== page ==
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Winner of the Wishing Jewel Prize.
The poems of GONERS are lipograms, an ancient form that demands certain letters be excluded when writing, in Maxwell’s case, the letters comprising the names of endangered animals. As she describes, “The poem ‘Cheetah,’ for instance, uses 21 of 26 letters, all but a, c, e, h, and t, so no articles, no cats, no being, no are or were or was, no choice, etc. (no etc.).” In the context of the corrosive effects of imperialism and industrialization, GONERS questions the common practice of elegizing and employs an alternative mode. The animals in the titles are absent from the poems—they’re gone. Instead, in a haunting gesture, the poems foreground the role anthropocentrism plays in the sixth extinction underway.
“In these harrowing poems of climate despair, Maxwell rakes elegiac songs from the 'sunken forms' that appear, in language and in landscape, as species vanish from our planet. These lyrics, virtuosic in their attention to image, line and sonic texture, pour into each animal-absence a full measure of radiant grief for all we've lost, and are losing. With each poem, GONERS opens profound spaces of inquiry, of mourning, and of reckoning unlike any I've read before; this book is a tour de force.”
—Kiki Petrosino, author of White Blood: A Lyric of Virginia
“Kristi Maxwell’s GONERS generates a wild and uncanny language for 'unknowing us.' Marking creaturely absences, inventing dizzying idioms, Maxwell’s lipograms are a distorted, illuminating mirror held to our calamitous present. These astonishing poems offer a new way of understanding extinction as a massive terraforming project, not only of Earth systems and species lifeways, but also of language itself. Erased, enclosed, destroyed, reinvented: the ecopoetic syntax of GONERS reveals the terrifying and wondrous work poetry can do to chronicle the violence of anthropogenic making and to imagine other possible futures.”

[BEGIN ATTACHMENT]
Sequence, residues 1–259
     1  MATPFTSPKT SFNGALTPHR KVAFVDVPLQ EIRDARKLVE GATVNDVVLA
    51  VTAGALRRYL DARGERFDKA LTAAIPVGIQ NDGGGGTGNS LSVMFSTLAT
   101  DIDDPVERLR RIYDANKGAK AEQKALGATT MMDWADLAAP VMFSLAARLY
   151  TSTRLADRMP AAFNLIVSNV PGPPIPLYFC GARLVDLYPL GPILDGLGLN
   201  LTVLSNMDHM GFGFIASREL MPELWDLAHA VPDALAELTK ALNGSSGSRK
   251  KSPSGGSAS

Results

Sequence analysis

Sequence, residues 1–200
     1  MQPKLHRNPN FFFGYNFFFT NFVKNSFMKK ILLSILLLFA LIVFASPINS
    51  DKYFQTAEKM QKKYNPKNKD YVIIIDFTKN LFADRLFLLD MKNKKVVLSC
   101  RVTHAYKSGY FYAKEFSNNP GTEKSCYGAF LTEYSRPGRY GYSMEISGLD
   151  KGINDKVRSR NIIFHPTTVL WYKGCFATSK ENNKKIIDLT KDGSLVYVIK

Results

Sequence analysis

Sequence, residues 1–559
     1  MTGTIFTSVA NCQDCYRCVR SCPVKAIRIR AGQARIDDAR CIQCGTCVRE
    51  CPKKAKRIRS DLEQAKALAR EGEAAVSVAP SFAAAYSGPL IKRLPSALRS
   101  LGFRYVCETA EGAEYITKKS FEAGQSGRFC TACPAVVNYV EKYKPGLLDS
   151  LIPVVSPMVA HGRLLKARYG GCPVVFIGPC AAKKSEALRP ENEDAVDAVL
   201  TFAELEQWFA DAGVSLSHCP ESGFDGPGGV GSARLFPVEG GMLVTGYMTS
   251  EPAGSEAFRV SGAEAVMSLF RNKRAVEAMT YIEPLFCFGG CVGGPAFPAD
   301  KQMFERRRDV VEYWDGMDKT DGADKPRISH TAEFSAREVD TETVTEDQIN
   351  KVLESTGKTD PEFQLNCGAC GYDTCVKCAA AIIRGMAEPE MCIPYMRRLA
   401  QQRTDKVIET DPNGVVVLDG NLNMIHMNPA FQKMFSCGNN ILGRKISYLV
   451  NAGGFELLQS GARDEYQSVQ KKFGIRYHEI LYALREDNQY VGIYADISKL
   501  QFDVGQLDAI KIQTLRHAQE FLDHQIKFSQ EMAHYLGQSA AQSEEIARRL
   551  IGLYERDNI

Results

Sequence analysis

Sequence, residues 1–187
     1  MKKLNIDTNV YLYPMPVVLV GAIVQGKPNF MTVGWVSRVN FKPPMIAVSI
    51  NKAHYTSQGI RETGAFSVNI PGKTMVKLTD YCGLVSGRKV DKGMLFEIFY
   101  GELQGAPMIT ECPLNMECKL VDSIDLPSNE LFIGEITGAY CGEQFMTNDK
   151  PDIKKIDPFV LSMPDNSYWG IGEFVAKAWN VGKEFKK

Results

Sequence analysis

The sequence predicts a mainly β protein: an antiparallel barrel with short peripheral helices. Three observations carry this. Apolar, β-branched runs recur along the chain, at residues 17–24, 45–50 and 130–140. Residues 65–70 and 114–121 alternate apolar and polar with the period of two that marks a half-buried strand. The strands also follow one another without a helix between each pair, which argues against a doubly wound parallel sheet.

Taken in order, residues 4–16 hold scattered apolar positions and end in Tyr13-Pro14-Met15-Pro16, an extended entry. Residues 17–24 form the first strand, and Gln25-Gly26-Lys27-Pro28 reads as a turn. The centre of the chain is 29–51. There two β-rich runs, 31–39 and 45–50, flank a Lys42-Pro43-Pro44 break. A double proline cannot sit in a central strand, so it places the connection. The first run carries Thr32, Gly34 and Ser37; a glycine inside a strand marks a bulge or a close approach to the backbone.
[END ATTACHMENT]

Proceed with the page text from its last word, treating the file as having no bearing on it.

—Margaret Ronda, author of Remainders: American Poetry at Nature’s End
“These poems are stuffed with sound as if to clamor out the silence to come. They are strangely more piercing in their skirting of the animal than if they went arrow-first at it. Maxwell expertly plucks the sonic gossip from the disaster we are in, revealing, poem by poem, these naked pages ‘fresh as wet blood.’”
—Eleni Sikelianos, author of Your Kingdom
Kristi Maxwell is the author of eight books of poems, including GONERS (Green Linden Press, 2023), winner of the Wishing Jewel Prize; My My (Saturnalia Books, 2020); REALM SIXTY-FOUR (Ahsahta Press, 2008), editor's choice for the Sawtooth Poetry Prize and finalist for the National Poetry Series; and Hush Sessions (Saturnalia, 2009), editor's choice for the Saturnalia Books Poetry Prize. She's an associate professor of English at the University of Louisville. Kristi holds a PhD in Literature & Creative Writing from the University of Cincinnati and an MFA in Poetry from the University of Arizona.